New rules for veteran aid could halt tuition

An academic organization that boasts GW as a member is threatening to withdraw from the federal tuition assistance program for active-duty military students, rather than comply with new limitations tied to the program.

The National Association of Independent Colleges and Universities – an organization with which GW is affiliated – was one of six to allege that the new Department of Defense guidelines are too intrusive, allowing the government to overstep university autonomy. The memo lays out policies that are “inconsistent and, in many cases, incompatible” with the current practices of member organizations, according to the Nov. 21 petition by the groups.

The Defense Department rules restrict “the awarding of academic credit, in-school residency requirements, education plans, tuition policies and payment processing” of participating colleges, the complaint letter said.

The limitations – designed to cut down on aid fraud and inefficiency – were outlined in a Department of Defense memorandum of understanding that was issued in March, but not contested until late November.

The memo requires that all universities who award federal tuition assistance dollars to active duty students comply with its terms, which include strict requirements about processing credit, financial aid and housing.

Time is running short for the protesting organizations, as all colleges must sign onto the program before Jan. 1 to participate in 2012 tuition assistance programs.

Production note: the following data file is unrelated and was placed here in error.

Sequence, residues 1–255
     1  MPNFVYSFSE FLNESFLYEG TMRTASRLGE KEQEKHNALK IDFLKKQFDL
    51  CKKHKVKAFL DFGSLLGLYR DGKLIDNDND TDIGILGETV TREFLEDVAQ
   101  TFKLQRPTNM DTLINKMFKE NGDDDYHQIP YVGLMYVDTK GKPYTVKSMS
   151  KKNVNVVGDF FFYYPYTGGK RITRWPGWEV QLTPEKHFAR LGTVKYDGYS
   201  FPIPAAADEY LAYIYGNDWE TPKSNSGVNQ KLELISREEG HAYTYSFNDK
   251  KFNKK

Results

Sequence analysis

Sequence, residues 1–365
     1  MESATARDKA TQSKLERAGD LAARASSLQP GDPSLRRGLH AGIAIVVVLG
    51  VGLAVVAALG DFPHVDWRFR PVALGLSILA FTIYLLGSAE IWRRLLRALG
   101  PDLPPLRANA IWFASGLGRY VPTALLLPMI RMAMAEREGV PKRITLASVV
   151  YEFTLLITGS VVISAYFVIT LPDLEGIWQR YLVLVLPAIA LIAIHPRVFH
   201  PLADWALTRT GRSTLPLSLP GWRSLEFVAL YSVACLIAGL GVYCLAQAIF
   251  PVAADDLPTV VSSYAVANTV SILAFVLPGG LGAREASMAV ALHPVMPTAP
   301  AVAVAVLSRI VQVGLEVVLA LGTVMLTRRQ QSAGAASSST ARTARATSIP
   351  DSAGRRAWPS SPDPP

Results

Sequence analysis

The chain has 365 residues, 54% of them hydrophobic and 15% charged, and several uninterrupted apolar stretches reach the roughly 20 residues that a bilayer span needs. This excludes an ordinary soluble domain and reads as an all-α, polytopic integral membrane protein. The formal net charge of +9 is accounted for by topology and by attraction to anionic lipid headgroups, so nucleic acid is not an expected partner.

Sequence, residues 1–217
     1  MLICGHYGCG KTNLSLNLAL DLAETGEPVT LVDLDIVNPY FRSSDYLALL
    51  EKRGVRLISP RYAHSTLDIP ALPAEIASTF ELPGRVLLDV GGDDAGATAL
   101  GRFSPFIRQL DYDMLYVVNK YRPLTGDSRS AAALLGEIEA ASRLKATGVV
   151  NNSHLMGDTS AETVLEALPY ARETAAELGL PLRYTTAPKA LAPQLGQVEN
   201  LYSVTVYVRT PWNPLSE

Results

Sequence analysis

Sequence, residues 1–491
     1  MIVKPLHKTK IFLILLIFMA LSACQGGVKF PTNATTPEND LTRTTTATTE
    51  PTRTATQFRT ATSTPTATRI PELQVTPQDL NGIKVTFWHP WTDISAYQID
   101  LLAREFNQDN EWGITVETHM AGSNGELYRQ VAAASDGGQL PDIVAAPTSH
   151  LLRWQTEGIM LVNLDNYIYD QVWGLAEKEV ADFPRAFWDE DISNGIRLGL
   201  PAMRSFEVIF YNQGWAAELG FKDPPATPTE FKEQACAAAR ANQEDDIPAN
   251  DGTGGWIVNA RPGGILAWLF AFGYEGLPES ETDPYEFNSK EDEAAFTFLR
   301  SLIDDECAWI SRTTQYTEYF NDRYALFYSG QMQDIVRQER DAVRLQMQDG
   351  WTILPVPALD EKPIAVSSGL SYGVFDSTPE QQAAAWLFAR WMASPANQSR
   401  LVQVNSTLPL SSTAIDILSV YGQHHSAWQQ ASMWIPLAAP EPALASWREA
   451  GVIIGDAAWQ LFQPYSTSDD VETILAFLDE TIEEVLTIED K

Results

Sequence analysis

GW has not yet decided if it will agree to the Defense Department’s terms.

“The University is aware of the Department of Defense [memorandum of understanding] and is evaluating it,” University spokeswoman Michelle Sherrard said.

Because some institutions may refuse to sign the memo, active duty students that depend on tuition assistance will be limited in where they can attend, said Barmak Nassirian, associate executive director of the American Association of Collegiate Registrars and Admissions Officers – another organization that signed the letter.

“While it’s not easy to change their decision process, I hope that the letter will have an impact and create action,” Nassirian said.

If the University fails to sign the memo by the deadline, it will not be able to provide financial aid to active military students through the federal tuition assistance program.

There were 98 active duty students taking courses online or on the Foggy Bottom Campus last year. These students are eligible for $4,500 per year through the tuition assistance program – funds that would be cut off if the University refuses to sign on to the new guidelines.

The University is frequently noted as one of the most military-friendly institutions in the country for its strong veteran support system. GW ranked No. 16 nationally for its academic, financial and student life programs for veterans by Military Times EDGE earlier this month.

GW expanded its commitment to the Yellow Ribbon Program – another federal military benefit initiative – in 2010 and stepped in to provide emergency payment for its students when their government aid lagged the year before.

Efforts to scale back federal funding threatened tuition assistance programs in August when Republicans in the House of Representatives tacked an evaluation of military benefits to the Defense Department’s 2012 appropriations bill.

“There is uncertainty around federal financial aid and tuition assistance programs of all kinds right now,” the University’s Director of Government Relations Kent Springfield said. “We generally have concerns about how a number of programs could be impacted by ongoing budget negotiations.”

President of GW Veterans Scott Disney said he is optimistic that the Defense Department will manage budget cuts without limiting tuition assistance.

“I would really hope that [the Defense Department] would be able to make up shortfalls in other areas, before making any cuts to tuition assistance, since it makes up a very small portion of the overall [Defense] budget,” Disney said.

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